Fed up with bankers refusing to negotiate on their mortgages, homeowners are walking away from their homes in rapidly increasing numbers whether they can afford the mortgage or not.
A new Housing Predictor survey culled from a sampling of more than fifty counties in 25 U.S. states has determined that homeowners who are upside down on their mortgages or find themselves unable to afford mortgage payments are staying longer in their homes than ever before they are foreclosed. The average exceeds 18 months as bankers try to catch-up with the foreclosure epidemic.
Mortgage walk-aways are a phenomenon that has grown over the ensuing months since the financial crisis exploded on Wall Street two years ago.
“I feel sick about losing my house,” said Greg Anderson, a former contractor in Los Angeles. “But the bank wouldn’t modify my mortgage. We played this asinine game for months. I called Bank of America dozens of times to only be screwed around with on the phone. They sent me from one person to another. They even promised me a modification at one point, and two days later I received a letter that said they were foreclosing.”
Anderson’s plight is similar to hundreds of thousands of others caught in the web of the nation’s worst housing crisis in history. As banking CEOs reap multi-million dollar bonuses, their executives pocket millions in cash and the government bails out banks, providing incentives to them for their financial losses anger grows among those caught in the mess.
The incentive to freely walk away from a home is highest in the ten states that have anti-deficiency statutes, prohibiting lenders from suing mortgage borrowers for the remaining balance of a mortgage, according to mortgage experts. The states are California, Arizona, Florida, Alaska, Connecticut, Idaho, North Carolina, Texas, Utah and Washington.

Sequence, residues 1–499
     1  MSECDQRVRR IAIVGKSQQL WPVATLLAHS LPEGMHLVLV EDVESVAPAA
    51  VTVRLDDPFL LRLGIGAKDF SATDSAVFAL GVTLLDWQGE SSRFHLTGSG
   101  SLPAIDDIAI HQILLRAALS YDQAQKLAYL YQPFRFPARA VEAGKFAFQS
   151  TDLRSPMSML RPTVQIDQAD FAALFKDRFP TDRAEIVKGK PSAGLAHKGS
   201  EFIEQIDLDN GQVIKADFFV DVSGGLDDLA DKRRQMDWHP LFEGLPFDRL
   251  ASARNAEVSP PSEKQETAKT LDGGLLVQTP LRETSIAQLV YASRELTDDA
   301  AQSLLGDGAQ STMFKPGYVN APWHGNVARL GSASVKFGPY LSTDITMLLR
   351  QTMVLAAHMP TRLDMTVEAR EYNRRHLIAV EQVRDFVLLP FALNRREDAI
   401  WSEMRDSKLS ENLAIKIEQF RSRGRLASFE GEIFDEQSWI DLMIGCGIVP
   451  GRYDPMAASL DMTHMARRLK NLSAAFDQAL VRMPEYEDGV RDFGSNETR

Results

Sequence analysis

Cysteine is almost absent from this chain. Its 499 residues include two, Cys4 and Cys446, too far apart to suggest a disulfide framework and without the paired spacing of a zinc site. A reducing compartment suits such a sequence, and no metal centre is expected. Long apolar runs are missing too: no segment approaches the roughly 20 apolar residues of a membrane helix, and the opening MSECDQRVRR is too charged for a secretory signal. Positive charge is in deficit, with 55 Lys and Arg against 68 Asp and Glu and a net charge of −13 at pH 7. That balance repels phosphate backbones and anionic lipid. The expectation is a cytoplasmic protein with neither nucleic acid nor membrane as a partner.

“The bastards should really be tried for treason,” said Don Rickland, a Seattle native who was foreclosed after not paying on his mortgage 23 months. “They are screwing the whole country and the government isn’t doing a damn thing to help the little guy.
“Oh, I applied for HAMP (The Obama administrations mortgage modification program). But they told me they couldn’t help. They had this crappy attitude too, and one lady told me to just throw out the keys.”
Rickland, who could not afford the payments on his 4-bedroom home after the adjustable rate mortgage he and his wife had on their family home with their two children nearly doubled, stopped paying after his request for a modification was denied. “I got an attorney to fight and we have a lawsuit against them for misrepresentations and a mess of other things, but that’ll take years.”
Three months ago Rickland and his family packed up their household belongings after learning from courthouse records that the final sale date for the foreclosure sale was nearing. He was never notified in writing, which is required by law. They now live in a five bedroom home rented just a mile from where they resided.
Rickland didn’t want to walk away from his home, but was forced to as a result of a mortgage payment he could no longer afford. His job at a local computer firm is located just five minutes from the families’ new home.
Getting a mortgage again may take years. Fannie Mae, one of the nation’s two lending giants recently announced policy changes that could make it tougher for those who walk-away and had the capacity to pay. Borrowers who default and walk-away may be ineligible to obtain a Fannie Mae backed mortgage for seven years from the date of foreclosure.
“It’s all part of screwing the little guy,” said Rickland. “The bastards robbed me and didn’t even use a gun. They set it up that way – for the government to bail them out and the guys on Wall Street and the bankers to get rich. They’ll get theirs someday. My wife says wait till they die.”